Anthony A. Williams: Two things are true. Citizens don't make decisions to stay or leave a city primarily on tax grounds. And the citizens of our city are the most heavily taxed people in America. What to do?
Bob Levey: You have been criticized for living in Washington less than three years and voting only once in the past five elections. Do you think it might be an asset to be the new guy on the block?
Anthony A. Williams: The low number of persons voting in the last election I hope is a remnant of disillusionment and disenchantment built up by years of over-promising and under-delivering by the District government. People drafted me to run for mayor because they wanted to bring new energy into the political process, provide people with a choice, and point our city in a new direction that welcomes new residents, and hence, new tax-paying citizens.
Columbia, Md.: Although Washington, D.C., is THE capitol of the United States of America, it has a very poor image. What are your plans for improving this image and presenting it in a more positive way?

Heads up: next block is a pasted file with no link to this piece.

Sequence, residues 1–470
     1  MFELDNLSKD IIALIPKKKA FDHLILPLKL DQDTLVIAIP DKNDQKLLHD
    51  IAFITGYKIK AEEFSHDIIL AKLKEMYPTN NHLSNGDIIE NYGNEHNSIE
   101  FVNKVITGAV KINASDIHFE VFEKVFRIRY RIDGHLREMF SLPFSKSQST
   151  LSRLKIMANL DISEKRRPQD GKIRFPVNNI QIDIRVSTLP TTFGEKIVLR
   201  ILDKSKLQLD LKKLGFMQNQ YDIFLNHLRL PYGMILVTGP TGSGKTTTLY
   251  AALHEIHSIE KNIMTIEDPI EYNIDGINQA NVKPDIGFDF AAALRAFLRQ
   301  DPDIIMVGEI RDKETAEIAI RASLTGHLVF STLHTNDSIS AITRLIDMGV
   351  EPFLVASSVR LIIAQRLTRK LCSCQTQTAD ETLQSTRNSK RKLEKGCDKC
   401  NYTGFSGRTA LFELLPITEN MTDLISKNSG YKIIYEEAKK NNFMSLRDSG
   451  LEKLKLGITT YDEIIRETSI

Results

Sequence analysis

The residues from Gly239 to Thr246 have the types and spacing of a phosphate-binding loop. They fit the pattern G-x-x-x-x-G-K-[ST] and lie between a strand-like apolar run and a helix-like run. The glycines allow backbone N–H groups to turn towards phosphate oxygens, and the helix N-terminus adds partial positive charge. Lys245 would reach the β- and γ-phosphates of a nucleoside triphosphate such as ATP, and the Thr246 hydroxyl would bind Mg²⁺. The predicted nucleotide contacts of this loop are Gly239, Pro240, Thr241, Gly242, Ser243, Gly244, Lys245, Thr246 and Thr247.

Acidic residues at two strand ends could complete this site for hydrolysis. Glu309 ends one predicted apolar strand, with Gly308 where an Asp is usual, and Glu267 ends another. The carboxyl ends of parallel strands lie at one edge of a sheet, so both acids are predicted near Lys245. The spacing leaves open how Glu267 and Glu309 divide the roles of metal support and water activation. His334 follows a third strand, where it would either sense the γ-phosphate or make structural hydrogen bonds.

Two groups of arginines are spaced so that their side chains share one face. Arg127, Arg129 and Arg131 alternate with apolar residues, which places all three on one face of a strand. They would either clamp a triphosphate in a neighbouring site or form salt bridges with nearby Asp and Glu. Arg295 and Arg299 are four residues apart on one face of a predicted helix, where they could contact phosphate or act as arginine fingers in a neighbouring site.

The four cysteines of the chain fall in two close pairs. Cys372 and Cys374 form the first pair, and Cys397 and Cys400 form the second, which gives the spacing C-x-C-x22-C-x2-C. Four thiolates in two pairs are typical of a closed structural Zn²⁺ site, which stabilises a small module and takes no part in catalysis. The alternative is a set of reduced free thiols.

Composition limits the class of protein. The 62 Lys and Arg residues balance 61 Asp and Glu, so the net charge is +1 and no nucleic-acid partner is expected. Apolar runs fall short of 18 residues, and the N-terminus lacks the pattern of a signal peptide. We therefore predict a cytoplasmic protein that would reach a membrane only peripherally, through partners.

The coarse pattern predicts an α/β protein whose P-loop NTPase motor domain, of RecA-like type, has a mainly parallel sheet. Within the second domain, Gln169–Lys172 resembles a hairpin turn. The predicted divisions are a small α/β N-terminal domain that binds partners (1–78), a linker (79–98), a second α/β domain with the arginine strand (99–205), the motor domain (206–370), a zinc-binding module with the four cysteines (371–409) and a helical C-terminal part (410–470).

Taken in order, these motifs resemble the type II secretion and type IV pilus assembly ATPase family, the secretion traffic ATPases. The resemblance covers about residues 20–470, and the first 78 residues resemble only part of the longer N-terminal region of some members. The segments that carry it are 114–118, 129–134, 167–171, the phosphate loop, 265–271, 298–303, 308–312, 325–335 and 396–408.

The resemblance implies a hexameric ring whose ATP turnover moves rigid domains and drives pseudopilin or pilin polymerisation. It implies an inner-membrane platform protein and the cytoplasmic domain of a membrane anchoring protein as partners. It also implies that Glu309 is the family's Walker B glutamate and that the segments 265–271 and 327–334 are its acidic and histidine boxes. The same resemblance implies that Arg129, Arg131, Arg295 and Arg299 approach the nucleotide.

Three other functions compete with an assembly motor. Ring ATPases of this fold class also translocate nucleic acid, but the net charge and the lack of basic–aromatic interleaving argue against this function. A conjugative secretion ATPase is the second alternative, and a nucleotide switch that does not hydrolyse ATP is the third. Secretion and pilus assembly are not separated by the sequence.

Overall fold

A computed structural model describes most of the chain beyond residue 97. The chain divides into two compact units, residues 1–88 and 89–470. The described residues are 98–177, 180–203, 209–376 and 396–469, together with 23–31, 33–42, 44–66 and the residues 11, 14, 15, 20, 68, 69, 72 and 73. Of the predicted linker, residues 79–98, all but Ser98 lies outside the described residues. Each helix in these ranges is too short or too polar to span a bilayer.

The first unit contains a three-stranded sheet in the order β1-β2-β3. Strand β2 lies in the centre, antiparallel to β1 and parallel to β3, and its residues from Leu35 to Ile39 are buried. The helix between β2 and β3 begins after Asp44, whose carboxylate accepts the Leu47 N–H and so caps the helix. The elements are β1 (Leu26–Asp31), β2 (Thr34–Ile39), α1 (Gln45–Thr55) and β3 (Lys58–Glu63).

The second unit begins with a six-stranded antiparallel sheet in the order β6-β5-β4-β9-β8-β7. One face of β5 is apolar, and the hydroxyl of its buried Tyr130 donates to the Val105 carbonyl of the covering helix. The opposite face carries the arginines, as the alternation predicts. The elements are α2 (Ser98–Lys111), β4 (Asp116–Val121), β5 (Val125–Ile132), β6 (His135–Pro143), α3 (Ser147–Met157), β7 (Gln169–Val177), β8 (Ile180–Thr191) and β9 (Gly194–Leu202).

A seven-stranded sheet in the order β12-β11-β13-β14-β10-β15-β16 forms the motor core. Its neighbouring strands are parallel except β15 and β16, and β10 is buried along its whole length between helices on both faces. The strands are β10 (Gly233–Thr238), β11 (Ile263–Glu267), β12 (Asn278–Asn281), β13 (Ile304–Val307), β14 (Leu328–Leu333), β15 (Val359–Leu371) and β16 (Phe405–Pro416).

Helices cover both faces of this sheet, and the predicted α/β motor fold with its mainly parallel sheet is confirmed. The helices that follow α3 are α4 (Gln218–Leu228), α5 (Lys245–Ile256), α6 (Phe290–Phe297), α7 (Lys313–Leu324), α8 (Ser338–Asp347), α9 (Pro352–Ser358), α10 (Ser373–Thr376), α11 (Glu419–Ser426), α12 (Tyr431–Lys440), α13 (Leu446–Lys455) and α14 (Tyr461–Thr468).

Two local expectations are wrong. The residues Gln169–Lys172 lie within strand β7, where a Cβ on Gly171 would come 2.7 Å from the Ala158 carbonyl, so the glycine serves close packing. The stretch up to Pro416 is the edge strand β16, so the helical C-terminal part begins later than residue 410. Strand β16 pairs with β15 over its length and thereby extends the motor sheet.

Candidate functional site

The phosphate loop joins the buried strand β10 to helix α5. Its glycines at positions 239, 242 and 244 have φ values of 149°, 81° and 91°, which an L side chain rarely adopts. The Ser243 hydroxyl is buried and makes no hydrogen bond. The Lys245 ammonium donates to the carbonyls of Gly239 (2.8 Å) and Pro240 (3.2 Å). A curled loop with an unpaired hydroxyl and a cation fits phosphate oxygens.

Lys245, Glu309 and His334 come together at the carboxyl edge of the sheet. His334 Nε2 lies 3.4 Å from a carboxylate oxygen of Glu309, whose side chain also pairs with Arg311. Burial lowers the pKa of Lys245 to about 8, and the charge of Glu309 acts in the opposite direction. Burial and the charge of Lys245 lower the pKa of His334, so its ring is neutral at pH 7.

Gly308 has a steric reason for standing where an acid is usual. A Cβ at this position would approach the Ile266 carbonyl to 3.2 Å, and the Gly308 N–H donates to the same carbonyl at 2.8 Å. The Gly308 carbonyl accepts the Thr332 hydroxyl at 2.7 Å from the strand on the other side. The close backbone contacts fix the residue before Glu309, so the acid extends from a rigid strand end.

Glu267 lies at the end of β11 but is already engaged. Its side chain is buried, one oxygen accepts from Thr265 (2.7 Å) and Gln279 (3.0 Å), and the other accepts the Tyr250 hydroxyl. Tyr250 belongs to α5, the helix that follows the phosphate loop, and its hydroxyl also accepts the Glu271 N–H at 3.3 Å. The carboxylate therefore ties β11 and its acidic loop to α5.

Anthony A. Williams: Well, first of all, there has to be an impact to back up a better image, or else we're talking more rhetoric, and not results. The most important thing we can do is to manage our government in such a way that we command the respect of our country. With this foundation, we have the ability to then put out a welcome mat for the District to the world, letting everyone know that a new day has dawned in our nation's capital.
Bob Levey: Any comment on Mayor Barry's controversial view that the D.C. Council "ought to reflect the [racial] makeup of the city"?
Anthony A. Williams: A majority of District residents feel as I do and as our courts and Congress have felt and that is that the makeup of a local legislature should reflect the diversity of the local public. Having set this as an ideal, we have to distinguish ideal from reality, personal aspiration from personal choice.